Colombian Court Orders Suspension of Coca Spraying

Cites risk to human health & the environment from U.S.-financed efforts


Anna Cederstav, Earthjustice, (510) 550-6700


Yamile Salinas, Colombian Ombudsman’s Office (Bogota, Colombia), (571) 314-7300, ext. 2324

A recent decision by the Superior Administrative Court of Cundinamarca, Colombia, (released to the public on June 25) declared that the aerial spraying with herbicides to eradicate coca and poppy crops violates the Colombian constitutional rights to a healthy environment, security and public health. As a result, the court ordered that the aerial spraying of potent glyphosate herbicides be suspended until the government complies with the Environmental Management Plan for the eradication program, and conducts a series of required studies intended to protect human health and the environment.

This verdict supplements earlier declarations by the Colombian Constitutional Court and the State Council, which respectively ordered the suspension of spraying in indigenous territories and full compliance with the Environmental Management Plan approved by the Ministry of Environment.

According to Yamile Salinas of the Colombian Ombudsman’s Office, "This ruling recognizes the potential risks that the herbicide and the manner in which it is being applied pose to human health and the environment in Colombia," She added that, "The application of the precautionary principle is of singular importance because the Court affirms that the significant and potentially irreparable risk posed by the spraying is reason enough to suspend the fumigation program."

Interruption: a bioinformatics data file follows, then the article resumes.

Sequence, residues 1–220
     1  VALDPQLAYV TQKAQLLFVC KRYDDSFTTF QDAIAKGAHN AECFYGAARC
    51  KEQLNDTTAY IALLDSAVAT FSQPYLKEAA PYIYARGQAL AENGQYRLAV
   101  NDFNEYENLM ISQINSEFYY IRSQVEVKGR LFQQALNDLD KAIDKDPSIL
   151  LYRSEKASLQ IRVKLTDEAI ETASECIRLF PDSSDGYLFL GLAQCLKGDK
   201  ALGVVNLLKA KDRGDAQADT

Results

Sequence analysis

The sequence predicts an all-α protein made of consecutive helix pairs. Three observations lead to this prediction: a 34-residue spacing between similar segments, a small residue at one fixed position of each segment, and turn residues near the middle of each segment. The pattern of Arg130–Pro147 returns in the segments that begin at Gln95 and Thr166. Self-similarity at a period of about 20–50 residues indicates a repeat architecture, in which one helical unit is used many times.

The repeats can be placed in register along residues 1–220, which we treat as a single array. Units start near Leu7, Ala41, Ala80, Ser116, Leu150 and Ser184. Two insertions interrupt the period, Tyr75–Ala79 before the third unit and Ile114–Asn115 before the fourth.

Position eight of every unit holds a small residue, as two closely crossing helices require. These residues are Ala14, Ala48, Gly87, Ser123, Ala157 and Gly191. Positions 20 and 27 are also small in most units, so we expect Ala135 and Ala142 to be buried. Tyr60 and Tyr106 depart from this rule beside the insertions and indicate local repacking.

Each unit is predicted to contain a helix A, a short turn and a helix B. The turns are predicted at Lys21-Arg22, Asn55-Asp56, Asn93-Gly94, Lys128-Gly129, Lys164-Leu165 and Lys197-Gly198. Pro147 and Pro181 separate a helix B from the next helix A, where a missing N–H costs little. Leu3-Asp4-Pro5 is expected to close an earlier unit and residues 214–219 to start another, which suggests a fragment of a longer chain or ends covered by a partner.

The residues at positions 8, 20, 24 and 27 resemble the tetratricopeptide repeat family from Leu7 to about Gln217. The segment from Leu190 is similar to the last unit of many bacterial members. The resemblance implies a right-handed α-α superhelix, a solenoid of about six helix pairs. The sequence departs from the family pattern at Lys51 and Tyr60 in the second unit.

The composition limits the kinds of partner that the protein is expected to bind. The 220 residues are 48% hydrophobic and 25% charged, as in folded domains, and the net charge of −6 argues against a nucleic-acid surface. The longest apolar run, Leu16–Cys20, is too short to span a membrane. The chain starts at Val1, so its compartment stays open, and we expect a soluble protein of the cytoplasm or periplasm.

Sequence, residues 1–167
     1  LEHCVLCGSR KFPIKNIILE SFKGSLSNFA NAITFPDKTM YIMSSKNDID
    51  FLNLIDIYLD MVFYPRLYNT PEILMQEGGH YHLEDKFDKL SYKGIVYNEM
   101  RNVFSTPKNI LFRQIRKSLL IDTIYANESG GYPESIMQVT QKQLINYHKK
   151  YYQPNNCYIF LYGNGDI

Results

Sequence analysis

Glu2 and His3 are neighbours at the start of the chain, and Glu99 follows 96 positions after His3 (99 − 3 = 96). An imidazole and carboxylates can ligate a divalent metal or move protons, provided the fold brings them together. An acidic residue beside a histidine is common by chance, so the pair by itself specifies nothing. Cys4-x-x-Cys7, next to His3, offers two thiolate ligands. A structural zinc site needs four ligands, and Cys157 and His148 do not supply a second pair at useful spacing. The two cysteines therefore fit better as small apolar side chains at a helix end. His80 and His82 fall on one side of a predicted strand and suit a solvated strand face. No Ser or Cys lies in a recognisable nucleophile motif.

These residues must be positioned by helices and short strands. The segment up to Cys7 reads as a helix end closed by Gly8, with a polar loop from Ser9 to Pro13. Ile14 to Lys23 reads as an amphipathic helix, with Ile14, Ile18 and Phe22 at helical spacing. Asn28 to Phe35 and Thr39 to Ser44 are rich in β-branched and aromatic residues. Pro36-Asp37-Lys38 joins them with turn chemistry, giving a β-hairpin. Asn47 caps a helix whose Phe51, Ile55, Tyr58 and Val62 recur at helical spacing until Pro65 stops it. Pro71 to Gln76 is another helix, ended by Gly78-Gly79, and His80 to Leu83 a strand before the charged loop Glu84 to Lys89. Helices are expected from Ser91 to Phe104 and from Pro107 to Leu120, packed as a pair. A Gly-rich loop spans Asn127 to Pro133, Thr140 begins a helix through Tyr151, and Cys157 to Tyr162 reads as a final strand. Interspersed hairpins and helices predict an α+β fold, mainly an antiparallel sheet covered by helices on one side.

"The U.S. Congress has required the State Department to evaluate environmental and health impacts of Plan Colombia. This decision by a court in Colombia must be taken into account by the U.S. State Department," said Anna Cederstav, staff scientist with Earthjustice and AIDA. "In light of the evidence presented and the court’s clear decision on this matter, the Department of State cannot certify to Congress that the herbicide mixture, in the manner it is being used, poses no unreasonable risks or adverse effects to humans or the environment, or that the herbicide is being used in compliance with the Environmental Management Plan for the program." She concluded that, "It would be highly irresponsible for the United States to continue the eradication program in contravention of the Colombian court order to suspend the spraying until appropriate public health and environmental protections are in place."

"This court order formally adopts many of the requirements for environmental and human protection that the Colombian Ombudsman and Comptroller General, along with both national and international non-government organizations, have been demanding for years," said Yamile Salinas. "This decision is a victory for both public health and the environment of Colombia."

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